Something Cute I Never Noticed Before About Infinite Sums


This is a trifle, for which I apologize. I’ve been sick. But I ran across this while reading Carl B Boyer’s The History of the Calculus and its Conceptual Development. This is from the chapter “A Century Of Anticipation”, developments leading up to Newton and Leibniz and The Calculus As We Know It. In particular, while working out the indefinite integrals for simple powers — x raised to a whole number — John Wallis, whom you’ll remember from such things as the first use of the ∞ symbol and beating up Thomas Hobbes for his lunch money, noted this:

\frac{0 + 1}{1 + 1} = \frac{1}{2}

Which is fine enough. But then Wallis also noted that

\frac{0 + 1 + 2}{2 + 2 + 2} = \frac{1}{2}

And furthermore that

\frac{0 + 1 + 2 + 3}{3 + 3 + 3 + 3} = \frac{1}{2}

\frac{0 + 1 + 2 + 3 + 4}{4 + 4 + 4 + 4 + 4} = \frac{1}{2}

\frac{0 + 1 + 2 + 3 + 4 + 5}{5 + 5 + 5 + 5 + 5 + 5} = \frac{1}{2}

And isn’t that neat? Wallis goes on to conclude that this is true not just for finitely many terms in the numerator and denominator, but also if you carry on infinitely far. This seems like a dangerous leap to make, but they treated infinities and infinitesimals dangerously in those days.

What makes this work is — well, it’s just true; explaining how that can be is kind of like explaining how it is circles have a center point. All right. But we can prove that this has to be true at least for finite terms. A sum like 0 + 1 + 2 + 3 is an arithmetic progression. It’s the sum of a finite number of terms, each of them an equal difference from the one before or the one after (or both).

Its sum will be equal to the number of terms times the arithmetic mean of the first and last. That is, it’ll be the number of terms times the sum of the first and the last terms and divided that by two. So that takes care of the numerator. If we have the sum 0 + 1 + 2 + 3 + up to whatever number you like which we’ll call ‘N’, we know its value has to be (N + 1) times N divided by 2. That takes care of the numerator.

The denominator, well, that’s (N + 1) cases of the number N being added together. Its value has to be (N + 1) times N. So the fraction is (N + 1) times N divided by 2, itself divided by (N + 1) times N. That’s got to be one-half except when N is zero. And if N were zero, well, that fraction would be 0 over 0 and we know what kind of trouble that is.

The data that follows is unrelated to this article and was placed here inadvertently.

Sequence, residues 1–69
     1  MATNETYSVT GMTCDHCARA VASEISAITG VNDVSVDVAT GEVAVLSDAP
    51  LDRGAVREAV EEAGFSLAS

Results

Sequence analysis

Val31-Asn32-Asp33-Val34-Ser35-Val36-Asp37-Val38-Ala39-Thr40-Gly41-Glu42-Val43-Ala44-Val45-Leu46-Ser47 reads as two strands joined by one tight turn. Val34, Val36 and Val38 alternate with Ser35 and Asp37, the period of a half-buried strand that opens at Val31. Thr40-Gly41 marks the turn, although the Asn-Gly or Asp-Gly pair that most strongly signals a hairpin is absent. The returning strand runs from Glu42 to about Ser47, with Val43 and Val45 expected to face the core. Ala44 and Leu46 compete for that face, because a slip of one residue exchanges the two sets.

It’s a tiny bit, although you can use it to make an argument about what to expect from \int{x^n dx} , as Wallis did. And it delighted me to see and to understand why it should be so.

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Calculating Pi Less Terribly


Back on “Pi Day” I shared a terrible way of calculating the digits of π. It’s neat in principle, yes. Drop a needle randomly on a uniformly lined surface. Keep track of how often the needle crosses over a line. From this you can work out the numerical value of π. But it’s a terrible method. To be sure that π is about 3.14, rather than 3.12 or 3.38, you can expect to need to do over three and a third million needle-drops. So I described this as a terrible way to calculate π.

A friend on Twitter asked if it was worse than adding up 4 * (1 – 1/3 + 1/5 – 1/7 + … ). It’s a good question. The answer is yes, it’s far worse than that. But I want to talk about working π out that way.

Science teacher Mark Twain says if you divide the diameter of the moon into its circumference you get pi in the sky, and then laughs so hard at his own joke it causes chest pains.
Tom Batiuk’s Funky Winkerbean for the 17th of May, 2015. The worst part of this strip is Science Teacher Mark Twain will go back to the teachers’ lounge and complain that none of his students got it.